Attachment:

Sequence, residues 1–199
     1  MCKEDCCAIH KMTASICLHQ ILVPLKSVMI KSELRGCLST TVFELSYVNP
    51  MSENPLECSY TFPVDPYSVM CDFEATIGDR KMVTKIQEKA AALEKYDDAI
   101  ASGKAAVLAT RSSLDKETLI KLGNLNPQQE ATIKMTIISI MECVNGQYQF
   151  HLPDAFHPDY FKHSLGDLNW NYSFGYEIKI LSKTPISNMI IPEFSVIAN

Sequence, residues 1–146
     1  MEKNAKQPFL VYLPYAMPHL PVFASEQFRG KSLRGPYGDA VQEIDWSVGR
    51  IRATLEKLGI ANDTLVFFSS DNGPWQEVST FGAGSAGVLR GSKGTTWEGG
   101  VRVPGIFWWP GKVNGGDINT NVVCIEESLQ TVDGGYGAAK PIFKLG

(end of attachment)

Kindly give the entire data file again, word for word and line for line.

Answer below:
Sequence, residues 1–199
     1  MCKEDCCAIH KMTASICLHQ ILVPLKSVMI KSELRGCLST TVFELSYVNP
    51  MSENPLECSY TFPVDPYSVM CDFEATIGDR KMVTKIQEKA AALEKYDDAI
   101  ASGKAAVLAT RSSLDKETLI KLGNLNPQQE ATIKMTIISI MECVNGQYQF
   151  HLPDAFHPDY FKHSLGDLNW NYSFGYEIKI LSKTPISNMI IPEFSVIAN

Sequence, residues 1–146
     1  MEKNAKQPFL VYLPYAMPHL PVFASEQFRG KSLRGPYGDA VQEIDWSVGR
    51  IRATLEKLGI ANDTLVFFSS DNGPWQEVST FGAGSAGVLR GSKGTTWEGG
   101  VRVPGIFWWP GKVNGGDINT NVVCIEESLQ TVDGGYGAAK PIFKLG